MP I remember reading Kenneth Frampton 20 years ago in terms of “critical regionalism.” Canadian architecture has always done that. As we identified in the opening essay, when you look at somebody like Gaboury, Clifford Wiens, Douglas Cardinal…that’s critical regionalism! It’s about taking a local architectural tradition and reinterpreting it in a contemporary way. Even in Canada’s Modernist heyday, there was an interest in the regional. It’s part of the way in which we think about architecture. This show has the potential to revise a Modernist way of thinking about architecture that arises not out of a formal idea but a set of operations, techniques and attitudes. Why do we talk about the vernacular as being sustainable? Well, if you didn’t respond to climate, you’d die. This is what Le Corbusier talks about when he talks about the airplane. What’s the lesson? An airplane is going to be used for flying, so if you screw that up you are going to die. In a way, vernacular regions in Canada, and certainly in cold climates–if a building doesn’t respond to the way it needs to (climate, shelter, etc.)–there is a lot at stake. So, in Corb’s terms, the problem has to be properly stated. If you properly state the problem then the resolutions that emerge are by definition relevant to their place, program and cultural traditions.
How might you see these buildings act as a way to question the relationship of Modernism, tradition and Canadian architecture?
MP The idea that Modernism is unrelated to tradition is problematic. The buildings in the exhibition are building upon vernacular traditions that are in fact very modern in their approach. If you state a problem and develop a solution, there is a connectedness as opposed to a Beaux-Arts sensibility that talks about an image where you cram program, function and performance into a form. Historically, part of the rejection of International Modernism was its muteness and its loss of meaning. The response was to revert to traditional approaches of meaning and symbolism in architecture with postmodernism and classical revivalism. The work in the show has the potential to be profoundly meaningful not necessarily in the global sense, but that it is responding to specific issues with a direct focus and in a legible way.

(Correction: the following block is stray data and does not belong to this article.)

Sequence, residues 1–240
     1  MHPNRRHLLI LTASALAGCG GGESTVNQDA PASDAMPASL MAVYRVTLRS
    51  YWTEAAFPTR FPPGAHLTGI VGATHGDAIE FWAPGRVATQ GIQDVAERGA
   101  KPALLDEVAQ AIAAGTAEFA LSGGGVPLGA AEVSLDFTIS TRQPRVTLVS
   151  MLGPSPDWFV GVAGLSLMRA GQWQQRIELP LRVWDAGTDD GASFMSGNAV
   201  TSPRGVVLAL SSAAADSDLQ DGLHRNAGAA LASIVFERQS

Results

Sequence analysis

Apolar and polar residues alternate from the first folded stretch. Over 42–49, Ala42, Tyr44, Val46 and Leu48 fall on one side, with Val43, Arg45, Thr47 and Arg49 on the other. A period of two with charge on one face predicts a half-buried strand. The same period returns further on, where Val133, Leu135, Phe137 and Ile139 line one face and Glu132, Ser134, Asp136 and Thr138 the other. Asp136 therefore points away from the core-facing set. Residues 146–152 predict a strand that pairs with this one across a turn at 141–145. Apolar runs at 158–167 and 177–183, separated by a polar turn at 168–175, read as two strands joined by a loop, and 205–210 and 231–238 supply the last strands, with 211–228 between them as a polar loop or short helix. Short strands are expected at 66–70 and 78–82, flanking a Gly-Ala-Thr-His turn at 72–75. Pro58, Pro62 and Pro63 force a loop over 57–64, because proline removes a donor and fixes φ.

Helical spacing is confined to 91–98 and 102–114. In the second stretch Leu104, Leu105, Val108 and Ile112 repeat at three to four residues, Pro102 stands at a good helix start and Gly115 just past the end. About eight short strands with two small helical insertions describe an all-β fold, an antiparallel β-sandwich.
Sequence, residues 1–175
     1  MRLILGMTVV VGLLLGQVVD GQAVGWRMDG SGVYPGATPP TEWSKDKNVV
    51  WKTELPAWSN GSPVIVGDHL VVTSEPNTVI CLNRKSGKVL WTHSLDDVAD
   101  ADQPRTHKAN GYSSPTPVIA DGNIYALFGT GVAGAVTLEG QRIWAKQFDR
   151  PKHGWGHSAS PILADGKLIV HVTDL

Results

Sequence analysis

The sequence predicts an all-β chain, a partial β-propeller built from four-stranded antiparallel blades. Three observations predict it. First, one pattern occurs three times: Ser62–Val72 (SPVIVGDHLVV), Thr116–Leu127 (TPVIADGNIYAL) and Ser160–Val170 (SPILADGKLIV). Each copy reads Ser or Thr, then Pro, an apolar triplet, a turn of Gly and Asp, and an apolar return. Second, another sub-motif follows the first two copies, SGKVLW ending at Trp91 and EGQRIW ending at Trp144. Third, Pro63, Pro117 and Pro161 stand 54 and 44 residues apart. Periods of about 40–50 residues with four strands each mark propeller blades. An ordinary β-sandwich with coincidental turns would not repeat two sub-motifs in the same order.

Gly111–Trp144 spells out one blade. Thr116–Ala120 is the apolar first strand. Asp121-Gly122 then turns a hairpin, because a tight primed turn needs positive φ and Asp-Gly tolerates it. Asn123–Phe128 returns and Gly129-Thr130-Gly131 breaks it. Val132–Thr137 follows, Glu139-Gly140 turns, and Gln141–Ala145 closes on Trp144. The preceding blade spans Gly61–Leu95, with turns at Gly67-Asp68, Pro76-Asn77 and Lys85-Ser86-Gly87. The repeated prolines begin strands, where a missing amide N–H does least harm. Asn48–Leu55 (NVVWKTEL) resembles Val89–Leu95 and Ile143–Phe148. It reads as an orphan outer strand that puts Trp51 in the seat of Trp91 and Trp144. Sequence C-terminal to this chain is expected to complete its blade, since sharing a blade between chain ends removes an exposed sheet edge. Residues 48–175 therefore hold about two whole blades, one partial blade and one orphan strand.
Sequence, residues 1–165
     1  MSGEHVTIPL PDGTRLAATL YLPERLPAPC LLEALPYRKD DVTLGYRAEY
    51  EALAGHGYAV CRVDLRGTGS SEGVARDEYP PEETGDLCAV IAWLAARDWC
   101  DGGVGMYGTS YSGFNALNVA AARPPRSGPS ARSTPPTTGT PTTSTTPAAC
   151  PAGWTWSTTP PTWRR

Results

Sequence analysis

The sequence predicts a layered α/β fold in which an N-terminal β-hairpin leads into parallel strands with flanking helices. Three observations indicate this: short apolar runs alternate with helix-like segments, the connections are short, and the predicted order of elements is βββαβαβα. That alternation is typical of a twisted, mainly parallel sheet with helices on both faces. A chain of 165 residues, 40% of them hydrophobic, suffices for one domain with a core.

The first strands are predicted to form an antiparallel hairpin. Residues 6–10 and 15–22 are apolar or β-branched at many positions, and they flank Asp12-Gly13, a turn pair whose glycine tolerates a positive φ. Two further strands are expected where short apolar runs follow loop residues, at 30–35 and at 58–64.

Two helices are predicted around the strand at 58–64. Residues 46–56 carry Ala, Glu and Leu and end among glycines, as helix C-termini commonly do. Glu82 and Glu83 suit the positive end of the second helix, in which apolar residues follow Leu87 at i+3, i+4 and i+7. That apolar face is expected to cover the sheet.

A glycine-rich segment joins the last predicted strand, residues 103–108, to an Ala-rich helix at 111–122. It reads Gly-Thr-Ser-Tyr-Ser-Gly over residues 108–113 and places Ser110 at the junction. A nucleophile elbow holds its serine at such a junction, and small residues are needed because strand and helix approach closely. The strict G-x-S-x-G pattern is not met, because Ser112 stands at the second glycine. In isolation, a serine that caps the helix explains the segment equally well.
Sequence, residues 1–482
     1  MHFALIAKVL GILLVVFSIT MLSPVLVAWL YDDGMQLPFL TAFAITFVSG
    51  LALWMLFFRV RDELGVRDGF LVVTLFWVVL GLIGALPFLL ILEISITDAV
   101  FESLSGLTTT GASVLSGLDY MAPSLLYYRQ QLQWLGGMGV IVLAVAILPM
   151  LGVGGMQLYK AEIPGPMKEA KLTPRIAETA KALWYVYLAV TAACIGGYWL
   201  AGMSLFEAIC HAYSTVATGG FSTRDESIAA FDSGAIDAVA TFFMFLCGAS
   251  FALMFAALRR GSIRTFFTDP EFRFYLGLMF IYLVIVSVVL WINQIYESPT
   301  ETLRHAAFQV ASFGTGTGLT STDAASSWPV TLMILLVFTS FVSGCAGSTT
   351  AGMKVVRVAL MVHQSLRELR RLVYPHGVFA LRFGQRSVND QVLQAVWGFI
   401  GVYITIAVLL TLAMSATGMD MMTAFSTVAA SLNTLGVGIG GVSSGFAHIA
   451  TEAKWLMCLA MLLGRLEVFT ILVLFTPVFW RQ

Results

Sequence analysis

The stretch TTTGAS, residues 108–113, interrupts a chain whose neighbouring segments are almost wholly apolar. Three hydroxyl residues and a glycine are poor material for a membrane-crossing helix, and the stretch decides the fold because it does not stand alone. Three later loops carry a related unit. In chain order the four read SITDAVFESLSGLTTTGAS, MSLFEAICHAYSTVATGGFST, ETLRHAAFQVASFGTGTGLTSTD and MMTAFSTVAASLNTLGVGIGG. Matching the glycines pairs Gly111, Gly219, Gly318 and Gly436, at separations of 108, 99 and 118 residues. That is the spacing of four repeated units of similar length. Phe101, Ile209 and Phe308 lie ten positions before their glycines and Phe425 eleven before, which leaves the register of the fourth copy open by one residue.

Can your work stimulate the marketplace to adopt more examples of sustainable architecture?
MP This is another important aspect of the show. The vast majority of these projects are either private homes or institutional clients with a handful of commercial work. By far, this sensibility has operated at the level of the public sector or the individual and it hasn’t been bought into by the commercial section.
JM This has a lot to do with the way procurement happens. If you build something with a five-year payback, then why would you build something with a 20-year payback. It’s not worth it. That’s where issues of regulation and incentive need to be implemented and are not being implemented adequately by all levels of government. Things like tax breaks and so on. Things like that are happening in Europe and that impact is huge.
How was the show perceived by the profession and the community at large?
JM One of the reasons why we felt that we should be doing this show is that there is an importance for the profession to communicate crucial issues of sustainability to the public.
MP For the non-architectural public, there is still a kind of perception about sustainability either being highly engineered and technical or to include solar earth-bermed houses from the ’60s. These are extreme understandings, yet most people wouldn’t understand the buildings in the exhibition as sustainable unless they are specifically told. There are stereotypes that we all carry around with us.
41 to 66 will travel across the country in 2006. Look for the exhibition schedule in the calendar listings of Canadian Architect at www.canadianarchitect.com.